“People have postulated that leaky gut poses inflammatory bowel disease, celiac disease—which is gluten sensitivity, auto-immune diseases such as lupus, rheumatoid arthritis, diabetes, fibromyalgia, acne, asthma, and allergies,” explains Datin Dr Wendy. “However, there is not a lot of scientific evidence behind all that and researchers are trying to make the connection whether it is because of what you eat that you are susceptible to these allergies and conditions.”
Although the medical community is still divided about leaky guts, doctors, however, agree that there is undoubtedly a correlation between a healthy gut and the health of the gut’s microbiome.
A Gut Connection
The key is understanding how our gut microbiome works; a complex ecosystem within our gut that consists of predominantly bacteria, along with viruses and fungi. This robust ecosystem is vital in ensuring good gut health, but it is only natural that the gut microbiome changes and becomes less diverse in composition with time.
It is worth noting that a lot of GI functions can be further affected by coexisting medical problems. “As one gets older, you tend to be more susceptible to getting chronic medical problems which can also result in the consumption of multiple medications (polypharmacy),” explains Datin Dr Wendy. “This—along with affected mobility, and changes in our diet can also predispose us to getting GI symptoms, which will have a profound impact on the quality of life.”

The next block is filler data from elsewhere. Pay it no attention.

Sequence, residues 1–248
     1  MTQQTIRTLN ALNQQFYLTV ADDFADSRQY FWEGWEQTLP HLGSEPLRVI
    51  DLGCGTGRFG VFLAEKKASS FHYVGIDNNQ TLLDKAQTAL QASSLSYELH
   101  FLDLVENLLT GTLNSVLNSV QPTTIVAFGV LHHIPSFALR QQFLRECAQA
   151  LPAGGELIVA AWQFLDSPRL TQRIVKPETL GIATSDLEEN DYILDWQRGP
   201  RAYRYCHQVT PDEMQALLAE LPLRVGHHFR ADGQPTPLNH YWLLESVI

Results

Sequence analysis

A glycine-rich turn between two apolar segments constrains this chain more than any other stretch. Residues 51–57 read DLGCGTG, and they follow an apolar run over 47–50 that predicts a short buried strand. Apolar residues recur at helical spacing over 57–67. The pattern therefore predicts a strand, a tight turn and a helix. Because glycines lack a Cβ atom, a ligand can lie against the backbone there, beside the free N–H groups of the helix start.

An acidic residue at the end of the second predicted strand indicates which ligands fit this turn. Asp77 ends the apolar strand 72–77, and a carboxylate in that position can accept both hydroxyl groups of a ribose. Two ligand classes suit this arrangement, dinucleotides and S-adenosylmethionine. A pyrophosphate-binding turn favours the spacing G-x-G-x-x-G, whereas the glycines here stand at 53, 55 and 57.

Medication such as antibiotics, for example, will change the distribution of various types of bacteria, potentially shifting the dominant species in the gut and having a profound effect on the composition of your gut microbiome. “When this becomes imbalanced, it becomes a state of dysbiotic microbiome that can potentially trigger inflammation by activating proinflammatory cytokines,” says Datin Dr Wendy. “You may end up triggering a low-grade inflammation within the gut.”
While this makes elderly people more susceptible to infections, it is important to note that a reduction in the synthesis of important metabolites, such as short-chain fatty acids that have anti-inflammatory and anti-cancer properties, can also be affected through poor eating habits when younger.
Digesting the Hard Facts
It is clear that maintaining a well-balanced diet is key to having a happy, healthy gut … but at what age should we start eating clean?
“You are what you eat,” advises Datin Dr Wendy. “Changing a lifetime of bad habits is going to be more difficult when you’re older, so we should learn good eating habits from a young age.” She encourages cutting back on processed foods such as processed sugars and soft drinks, avoiding excessive amounts of fatty foods and carbohydrates in your daily food intake, while reducing excessive alcohol consumption and smoking which can lead to an increased risk of cancers.